In February 2012, the residents of Aysén, a remote, mountainous, and sparsely populated region of Chilean Patagonia, staged a three-week blockade of all the region's roads and ports, a move to which the Chilean government responded with fierce repression. This project uses archival and ethnographic methods to trace the emergence of vernaculars of private property in Aysén and show where and how they they diverge from the practices for legitimating dispossession that have been deployed by HidroAysen, a proposed project for building five hydroelectric megadams on two of Aysén’s powerful wild rivers. By showing how Ayseninos were formed as agents of the "last frontier" (Nouzeilles 1999), I explore how challenges to the global expansion of extractive capitalism may also emerge from fractures within its own logics. In so doing, I seek to open intellectual space for imagining a broader range of both cultural and ecological alternatives to capitalism and political alliances to bring them about.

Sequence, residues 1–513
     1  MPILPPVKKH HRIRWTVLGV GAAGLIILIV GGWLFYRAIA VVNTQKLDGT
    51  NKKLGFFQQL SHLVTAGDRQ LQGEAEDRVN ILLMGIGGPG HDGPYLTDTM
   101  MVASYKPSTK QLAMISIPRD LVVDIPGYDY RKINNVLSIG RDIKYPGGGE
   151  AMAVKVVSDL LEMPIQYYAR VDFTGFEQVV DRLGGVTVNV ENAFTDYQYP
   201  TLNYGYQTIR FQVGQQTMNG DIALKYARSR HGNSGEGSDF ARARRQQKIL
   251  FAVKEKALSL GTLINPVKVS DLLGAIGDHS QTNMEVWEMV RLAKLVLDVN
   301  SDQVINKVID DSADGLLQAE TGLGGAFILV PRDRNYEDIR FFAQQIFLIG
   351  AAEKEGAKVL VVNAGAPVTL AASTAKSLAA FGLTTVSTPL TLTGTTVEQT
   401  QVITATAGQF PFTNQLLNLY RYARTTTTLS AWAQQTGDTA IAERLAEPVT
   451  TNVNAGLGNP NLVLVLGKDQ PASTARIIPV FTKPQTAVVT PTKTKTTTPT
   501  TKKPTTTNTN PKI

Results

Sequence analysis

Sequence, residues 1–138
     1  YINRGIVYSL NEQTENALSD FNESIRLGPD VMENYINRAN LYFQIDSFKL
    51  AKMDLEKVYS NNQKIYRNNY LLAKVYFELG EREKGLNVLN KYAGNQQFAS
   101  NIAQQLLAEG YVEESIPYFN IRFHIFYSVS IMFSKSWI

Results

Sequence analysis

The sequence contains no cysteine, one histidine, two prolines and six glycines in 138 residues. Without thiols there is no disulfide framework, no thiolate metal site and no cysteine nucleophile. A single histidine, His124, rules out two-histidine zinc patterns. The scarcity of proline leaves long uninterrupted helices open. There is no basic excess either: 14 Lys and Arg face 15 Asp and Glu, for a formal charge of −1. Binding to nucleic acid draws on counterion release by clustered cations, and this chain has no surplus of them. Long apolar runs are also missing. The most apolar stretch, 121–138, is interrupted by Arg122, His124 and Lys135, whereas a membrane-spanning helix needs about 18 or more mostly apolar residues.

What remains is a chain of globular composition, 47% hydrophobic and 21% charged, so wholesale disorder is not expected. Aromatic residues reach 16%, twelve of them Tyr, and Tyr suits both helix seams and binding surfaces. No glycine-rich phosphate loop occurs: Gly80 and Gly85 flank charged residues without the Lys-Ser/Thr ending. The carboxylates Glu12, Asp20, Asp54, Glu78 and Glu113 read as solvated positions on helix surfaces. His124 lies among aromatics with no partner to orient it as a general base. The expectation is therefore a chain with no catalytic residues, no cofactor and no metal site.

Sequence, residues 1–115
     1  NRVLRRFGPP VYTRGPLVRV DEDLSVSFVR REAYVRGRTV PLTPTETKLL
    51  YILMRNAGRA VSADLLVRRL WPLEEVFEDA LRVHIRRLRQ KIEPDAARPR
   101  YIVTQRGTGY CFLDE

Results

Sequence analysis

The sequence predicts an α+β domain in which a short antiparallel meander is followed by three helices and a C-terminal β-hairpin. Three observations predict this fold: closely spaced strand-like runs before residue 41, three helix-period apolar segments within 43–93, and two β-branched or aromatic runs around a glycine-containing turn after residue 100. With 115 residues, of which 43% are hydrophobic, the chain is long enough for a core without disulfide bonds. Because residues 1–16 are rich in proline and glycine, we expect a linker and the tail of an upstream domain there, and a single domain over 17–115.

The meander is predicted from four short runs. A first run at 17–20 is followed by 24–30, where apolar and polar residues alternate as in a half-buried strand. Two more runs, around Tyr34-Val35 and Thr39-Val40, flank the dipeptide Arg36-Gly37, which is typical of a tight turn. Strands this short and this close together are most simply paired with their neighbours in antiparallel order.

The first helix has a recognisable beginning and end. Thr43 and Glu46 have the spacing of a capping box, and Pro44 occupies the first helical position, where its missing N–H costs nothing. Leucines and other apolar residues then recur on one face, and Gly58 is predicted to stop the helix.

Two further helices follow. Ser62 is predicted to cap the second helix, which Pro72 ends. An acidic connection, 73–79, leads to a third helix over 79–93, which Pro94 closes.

Social Sciences and Humanities Research Council of Canada
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